Professor Rossa Chiu, of the department of chemical pathology at the Chinese University of Hong Kong (CUHK), has recently received two prestigious international research awards in recognition of her development of a non-invasive prenatal diagnosis for Down's syndrome.
The International Federation of Clinical Chemistry and Laboratory Medicine Young Investigator Award came first, followed by the Professors' Prize from the Association of Academic Heads of Clinical Biochemistry Departments in Britain. Chiu says she could not believe she won the same Professors' Prize that her supervisor, Professor Lo Tuk-ming, received back in 2000.
"This is one of the happiest moments of my life. These awards are confidence boosters for me. They prove that researchers from Hong Kong are recognised internationally," she says.
Chiu graduated from Australia's University of Queensland in 1997 with first class honours for two bachelor's degrees - one in medicine and another in surgery. She joined CUHK's department of chemical pathology in 1999.
"Joining the department and getting supervision from Professor Lo marked the beginning of my research career. My research would not have been possible if [he] had not discovered in 1997 that during pregnancy, the fetus releases its DNA into the mother's plasma," she says.
Chiu's non-invasive prenatal diagnosis involves examining the mother's plasma to look for signs of mutation that may lead to Down's syndrome. This method hugely reduces the number of pregnant women who have to undergo invasive procedures such as amniocentesis - or amniotic fluid test - that may lead to miscarriage.
Down's syndrome is a genetic condition in which a person inherits an extra copy of one chromosome, resulting in certain physical features such as a flat facial profile, a flat back of the head and protruding tongue. Nearly half the people with the syndrome have heart defects, gut problems, and thyroid gland disorders.
Before the introduction of Chiu's non-invasive diagnosis, pregnant women had to undergo an ultrasound and blood test so that doctors can look for a protein linked to Down's syndrome. They submitted to an invasive prenatal diagnosis if they were classified as "high risk" after the initial screening.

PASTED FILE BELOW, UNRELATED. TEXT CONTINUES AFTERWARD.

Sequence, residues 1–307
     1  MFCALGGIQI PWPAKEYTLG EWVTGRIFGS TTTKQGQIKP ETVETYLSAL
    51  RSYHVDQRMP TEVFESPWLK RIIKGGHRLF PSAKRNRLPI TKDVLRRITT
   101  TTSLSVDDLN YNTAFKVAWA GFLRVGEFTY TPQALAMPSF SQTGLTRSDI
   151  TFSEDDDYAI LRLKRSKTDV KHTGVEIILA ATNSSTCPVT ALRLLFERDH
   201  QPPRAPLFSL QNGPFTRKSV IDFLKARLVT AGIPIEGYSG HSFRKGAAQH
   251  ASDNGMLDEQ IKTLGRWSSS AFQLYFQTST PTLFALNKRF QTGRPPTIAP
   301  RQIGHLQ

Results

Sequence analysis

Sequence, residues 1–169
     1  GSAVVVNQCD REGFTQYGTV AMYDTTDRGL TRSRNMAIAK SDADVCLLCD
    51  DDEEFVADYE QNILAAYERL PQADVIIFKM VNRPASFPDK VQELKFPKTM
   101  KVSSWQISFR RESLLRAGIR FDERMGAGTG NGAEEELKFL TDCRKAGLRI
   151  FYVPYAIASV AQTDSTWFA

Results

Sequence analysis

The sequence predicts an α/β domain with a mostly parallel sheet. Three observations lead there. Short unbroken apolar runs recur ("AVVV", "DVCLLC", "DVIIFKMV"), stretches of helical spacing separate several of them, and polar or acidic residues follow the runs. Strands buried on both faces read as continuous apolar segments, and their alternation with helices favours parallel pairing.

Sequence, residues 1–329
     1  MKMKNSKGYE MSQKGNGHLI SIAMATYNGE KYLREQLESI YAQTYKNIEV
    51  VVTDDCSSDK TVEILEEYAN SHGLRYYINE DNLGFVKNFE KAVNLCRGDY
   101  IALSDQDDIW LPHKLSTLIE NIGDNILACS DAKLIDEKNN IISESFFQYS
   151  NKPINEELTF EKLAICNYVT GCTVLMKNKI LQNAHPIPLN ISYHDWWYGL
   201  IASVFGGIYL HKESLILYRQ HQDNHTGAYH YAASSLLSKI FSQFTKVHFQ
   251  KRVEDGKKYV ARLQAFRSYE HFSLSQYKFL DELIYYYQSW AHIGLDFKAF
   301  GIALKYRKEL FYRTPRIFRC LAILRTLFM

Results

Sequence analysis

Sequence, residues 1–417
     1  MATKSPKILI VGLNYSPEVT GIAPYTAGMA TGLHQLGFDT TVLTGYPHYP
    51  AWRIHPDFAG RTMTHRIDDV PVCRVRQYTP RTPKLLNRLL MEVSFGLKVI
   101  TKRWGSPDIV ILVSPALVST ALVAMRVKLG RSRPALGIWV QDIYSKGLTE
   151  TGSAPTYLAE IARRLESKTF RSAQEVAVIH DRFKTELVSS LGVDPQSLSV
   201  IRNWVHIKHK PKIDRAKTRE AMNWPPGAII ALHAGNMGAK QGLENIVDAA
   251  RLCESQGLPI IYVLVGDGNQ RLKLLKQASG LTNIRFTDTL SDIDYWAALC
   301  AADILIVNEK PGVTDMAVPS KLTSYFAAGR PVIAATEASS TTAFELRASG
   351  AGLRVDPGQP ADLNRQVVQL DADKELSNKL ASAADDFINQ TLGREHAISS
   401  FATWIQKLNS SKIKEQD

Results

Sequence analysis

Chiu says she chose to do research on the diagnosis for Down's syndrome because it is quite common, with one out of 800 babies having it. In the future, she hopes to develop a non-invasive procedure for other diseases.
Chiu says that without Lo's guidance, her research would not have been successful. "[He] taught me not only the right way to do research but, more importantly, the correct attitude towards research," she says. "The correct attitude is not to mind if you have not achieved any results, and to never produce wrong results because your mistake will mislead the public and other researchers. Research is a prolonged battle. There is no short cut. Have faith in what you are doing and never give up," she says.
As a mother of five-year-old twins, Chiu says it is not easy to balance work and family.
"I have a passion for research but I have an even greater passion for my kids. When I am with my children, I devote 100 per cent to being a mother. And when I am at work, I give 100 per cent to my research. The toughest time is when I have to travel overseas to attend conferences. Luckily, my family is extremely supportive and willing to help me take care of them while I am away."
Chiu's prenatal diagnosis for Down's syndrome will be available in local hospitals by end-2012. At the moment, Chiu and her team are training medical staff to carry out the procedure.